How to monitor query costs in Google BigQuery

Posted by Pascal Landau on 2020-06-22 10:40:00

Cost monitoring in Google BigQuery can be a difficult task, especially within a growing organization and lots of (independent) stakeholders that have access to the data. If your organization is not using reserved slots (flat-rate pricing) but is billed by the number of bytes processed (on-demand pricing), costs can get quickly out of hand, and we need the means to investigate or "debug" the BigQuery usage in order to understand: - who ran queries with a high cost - what were the exact queries - when did those queries run (and are they maybe even running regularly)

Previously, we had to manually set up query logging via Stackdriver as explained in the article Taking a practical approach to BigQuery cost monitoring but in late 2019 BigQuery introduced INFORMATION_SCHEMA views as a beta feature that also contain data about BigQuery jobs via the INFORMATION_SCHEMA.JOBS_BY_* views and became generally available (GA) at 2020-06-16





Working Example

  • this query will select the most interesting fields in terms of cost monitoring from the INFORMATION_SCHEMA.JOBS_BY_USER view for all jobs that have been run in region US in the currently selected project
  • the cost_in_dollar is estimate by calculating the total_bytes_processed in Terabyte and multiplying the result with $5.00 (which corresponds to the cost as of today 2020-06-22). Also, we only take those costs into account if the query was not answered from the cache (see the cache_hit != true condition)
  • the creation_time is converted to our local timezone
  • the results are restricted to the past 30 days by using the WHERE clause to filter on the partition column creation_time
  • feel free to replace JOBS_BY_PROJECT with JOBS_BY_USER or JOBS_BY_ORGANIZATION

Run on BigQuery

Open in BigQuery UI

BigQuery UI: Monitor query costs in BigQuery example


While playing around with the INFORMATION_SCHEMA views I've hit a couple of gotchas: - the different views require different permissions - the views are regionalized, i.e. we must prefix the region (see region-us in the view specification) and must run the job in that region (e.g. from the BigQuery UI via More > Query Settings > Processing location) - it is not possible to mix multiple regions in the query, because a query with processing location US can only access resources in location US. Though it would be very helpful for organizations that actively use different locations, something like this is not possible: SELECT * FROM (SELECT * `region-us`.INFORMATION_SCHEMA.JOBS_BY_ORGANIZATION) UNION ALL (SELECT * `region-eu`.INFORMATION_SCHEMA.JOBS_BY_ORGANIZATION) - data is currently only kept for the past 180 days - the JOBS_BY_USER view seems to "match" the user based on the email address. My user email adress is a address; in the user column it is stored as Thus, I get no results when using JOBS_BY_USER - JOBS_BY_USER and JOBS_BY_PROJECT will use the currently selected project by default. A different project (e.g. other-project) can be specified via SELECT * FROM `other-project.region-us`.INFORMATION_SCHEMA.JOBS_BY_PROJECT - the full query is not available for JOBS_BY_ORGANIZATION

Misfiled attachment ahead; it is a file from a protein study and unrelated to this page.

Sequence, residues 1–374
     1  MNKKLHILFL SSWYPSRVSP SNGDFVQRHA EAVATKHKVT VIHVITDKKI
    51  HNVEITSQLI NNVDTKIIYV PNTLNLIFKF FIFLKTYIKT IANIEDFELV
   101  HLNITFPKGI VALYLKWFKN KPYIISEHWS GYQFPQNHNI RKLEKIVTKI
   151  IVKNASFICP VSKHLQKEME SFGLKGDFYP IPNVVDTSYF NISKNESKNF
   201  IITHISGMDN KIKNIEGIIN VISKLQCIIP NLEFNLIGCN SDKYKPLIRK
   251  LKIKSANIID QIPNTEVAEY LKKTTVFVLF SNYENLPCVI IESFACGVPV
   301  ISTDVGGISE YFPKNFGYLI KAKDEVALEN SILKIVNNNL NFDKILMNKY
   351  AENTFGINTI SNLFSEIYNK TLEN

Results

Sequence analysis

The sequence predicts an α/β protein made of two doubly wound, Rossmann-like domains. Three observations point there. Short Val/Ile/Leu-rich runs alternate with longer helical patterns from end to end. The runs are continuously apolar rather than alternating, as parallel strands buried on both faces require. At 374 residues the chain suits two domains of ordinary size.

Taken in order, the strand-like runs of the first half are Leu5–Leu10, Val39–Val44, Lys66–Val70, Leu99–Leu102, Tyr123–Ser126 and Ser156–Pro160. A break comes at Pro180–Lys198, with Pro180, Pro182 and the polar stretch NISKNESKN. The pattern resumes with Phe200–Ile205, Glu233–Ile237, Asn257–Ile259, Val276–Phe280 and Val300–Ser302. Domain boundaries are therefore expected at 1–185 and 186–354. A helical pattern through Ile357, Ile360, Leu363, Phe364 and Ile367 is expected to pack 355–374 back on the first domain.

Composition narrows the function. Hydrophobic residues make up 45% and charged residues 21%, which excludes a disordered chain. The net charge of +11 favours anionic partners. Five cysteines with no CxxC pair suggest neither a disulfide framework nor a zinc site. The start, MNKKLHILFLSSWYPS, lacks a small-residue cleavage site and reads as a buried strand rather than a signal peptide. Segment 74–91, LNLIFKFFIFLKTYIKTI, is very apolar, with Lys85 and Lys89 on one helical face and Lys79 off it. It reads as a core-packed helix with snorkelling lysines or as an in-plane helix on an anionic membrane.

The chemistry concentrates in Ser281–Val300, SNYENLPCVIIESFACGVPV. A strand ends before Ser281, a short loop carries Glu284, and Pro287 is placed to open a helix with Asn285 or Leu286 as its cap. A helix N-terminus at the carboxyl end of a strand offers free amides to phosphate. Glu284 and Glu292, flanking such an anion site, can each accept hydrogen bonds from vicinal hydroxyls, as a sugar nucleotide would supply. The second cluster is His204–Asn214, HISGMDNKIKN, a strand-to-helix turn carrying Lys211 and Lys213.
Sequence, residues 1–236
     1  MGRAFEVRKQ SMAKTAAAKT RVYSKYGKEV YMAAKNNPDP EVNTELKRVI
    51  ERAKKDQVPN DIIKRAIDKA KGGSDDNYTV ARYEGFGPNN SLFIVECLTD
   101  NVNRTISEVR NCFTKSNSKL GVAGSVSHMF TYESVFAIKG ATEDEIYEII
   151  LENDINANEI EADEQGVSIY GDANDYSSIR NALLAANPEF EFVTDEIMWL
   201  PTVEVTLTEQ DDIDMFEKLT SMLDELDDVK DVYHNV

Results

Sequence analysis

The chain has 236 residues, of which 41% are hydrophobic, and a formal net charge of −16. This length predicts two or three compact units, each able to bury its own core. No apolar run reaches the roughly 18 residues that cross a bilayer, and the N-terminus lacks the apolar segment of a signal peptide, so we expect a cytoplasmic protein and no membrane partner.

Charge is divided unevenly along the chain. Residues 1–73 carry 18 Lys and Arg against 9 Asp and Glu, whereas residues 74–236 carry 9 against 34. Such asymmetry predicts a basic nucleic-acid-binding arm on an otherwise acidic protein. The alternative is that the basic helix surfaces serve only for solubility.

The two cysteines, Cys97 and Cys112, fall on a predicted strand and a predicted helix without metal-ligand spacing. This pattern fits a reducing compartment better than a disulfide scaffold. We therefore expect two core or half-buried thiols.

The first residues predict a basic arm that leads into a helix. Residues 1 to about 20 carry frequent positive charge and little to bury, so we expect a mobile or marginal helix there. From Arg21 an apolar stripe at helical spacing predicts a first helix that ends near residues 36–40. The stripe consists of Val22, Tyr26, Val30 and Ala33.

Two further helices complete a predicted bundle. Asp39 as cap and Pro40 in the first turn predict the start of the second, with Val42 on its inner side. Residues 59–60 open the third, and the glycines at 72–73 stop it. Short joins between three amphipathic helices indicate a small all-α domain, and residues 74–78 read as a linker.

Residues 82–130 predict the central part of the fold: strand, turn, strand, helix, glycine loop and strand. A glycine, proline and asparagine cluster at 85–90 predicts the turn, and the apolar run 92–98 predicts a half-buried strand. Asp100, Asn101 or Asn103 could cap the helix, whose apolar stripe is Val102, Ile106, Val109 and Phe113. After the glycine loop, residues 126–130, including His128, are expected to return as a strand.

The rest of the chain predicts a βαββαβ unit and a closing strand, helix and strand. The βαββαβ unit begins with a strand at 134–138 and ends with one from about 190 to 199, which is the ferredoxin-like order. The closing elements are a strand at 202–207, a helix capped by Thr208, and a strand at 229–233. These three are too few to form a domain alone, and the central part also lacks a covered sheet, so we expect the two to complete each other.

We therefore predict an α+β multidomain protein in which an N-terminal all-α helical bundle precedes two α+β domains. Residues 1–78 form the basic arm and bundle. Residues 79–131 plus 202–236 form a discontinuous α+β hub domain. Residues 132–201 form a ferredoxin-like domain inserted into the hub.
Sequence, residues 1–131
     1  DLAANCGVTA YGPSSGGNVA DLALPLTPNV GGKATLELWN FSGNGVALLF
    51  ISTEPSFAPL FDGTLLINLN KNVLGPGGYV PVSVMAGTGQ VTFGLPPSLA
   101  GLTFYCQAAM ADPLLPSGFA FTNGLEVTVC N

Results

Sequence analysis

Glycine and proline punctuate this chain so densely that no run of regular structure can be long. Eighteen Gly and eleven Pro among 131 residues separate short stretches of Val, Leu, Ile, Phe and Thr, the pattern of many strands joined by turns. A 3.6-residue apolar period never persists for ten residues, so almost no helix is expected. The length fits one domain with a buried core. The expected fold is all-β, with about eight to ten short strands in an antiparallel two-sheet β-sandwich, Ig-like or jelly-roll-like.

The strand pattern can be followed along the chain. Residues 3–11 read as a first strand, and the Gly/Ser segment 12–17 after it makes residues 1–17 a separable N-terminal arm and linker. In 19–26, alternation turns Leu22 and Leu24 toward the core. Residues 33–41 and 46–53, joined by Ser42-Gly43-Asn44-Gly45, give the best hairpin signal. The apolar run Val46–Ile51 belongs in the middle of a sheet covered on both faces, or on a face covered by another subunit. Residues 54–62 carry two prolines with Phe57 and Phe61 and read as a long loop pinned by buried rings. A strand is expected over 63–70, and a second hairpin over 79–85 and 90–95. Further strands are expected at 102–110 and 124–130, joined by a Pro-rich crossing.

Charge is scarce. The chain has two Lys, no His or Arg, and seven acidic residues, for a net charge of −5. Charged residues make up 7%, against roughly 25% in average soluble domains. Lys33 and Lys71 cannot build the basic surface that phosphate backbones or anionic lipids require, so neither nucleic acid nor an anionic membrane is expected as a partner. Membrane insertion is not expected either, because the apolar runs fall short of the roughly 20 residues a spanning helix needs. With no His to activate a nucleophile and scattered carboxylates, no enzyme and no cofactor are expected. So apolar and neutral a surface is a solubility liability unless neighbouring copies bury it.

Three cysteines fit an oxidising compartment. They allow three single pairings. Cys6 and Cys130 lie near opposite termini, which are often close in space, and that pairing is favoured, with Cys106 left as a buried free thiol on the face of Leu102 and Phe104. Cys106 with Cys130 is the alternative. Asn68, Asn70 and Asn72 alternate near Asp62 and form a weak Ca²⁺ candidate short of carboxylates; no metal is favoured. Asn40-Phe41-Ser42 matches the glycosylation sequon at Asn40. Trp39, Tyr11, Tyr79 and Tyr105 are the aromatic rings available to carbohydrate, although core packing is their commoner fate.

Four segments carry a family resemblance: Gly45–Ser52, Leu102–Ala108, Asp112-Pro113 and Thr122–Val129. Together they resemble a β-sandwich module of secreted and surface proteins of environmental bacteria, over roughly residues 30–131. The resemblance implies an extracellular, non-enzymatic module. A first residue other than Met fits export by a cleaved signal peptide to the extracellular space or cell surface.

Use Cases

I use this approach in our organization to set up a view based on INFORMATION_SCHEMA.JOBS_BY_ORGANIZATION that is then used as a data source for Google DataStudio. This allows me to get a quick high level overview over all query costs and further enables me to drill down deeper if I need to. I can even find the exact queries via their job_id.

BigQuery cost monitoring dashboard

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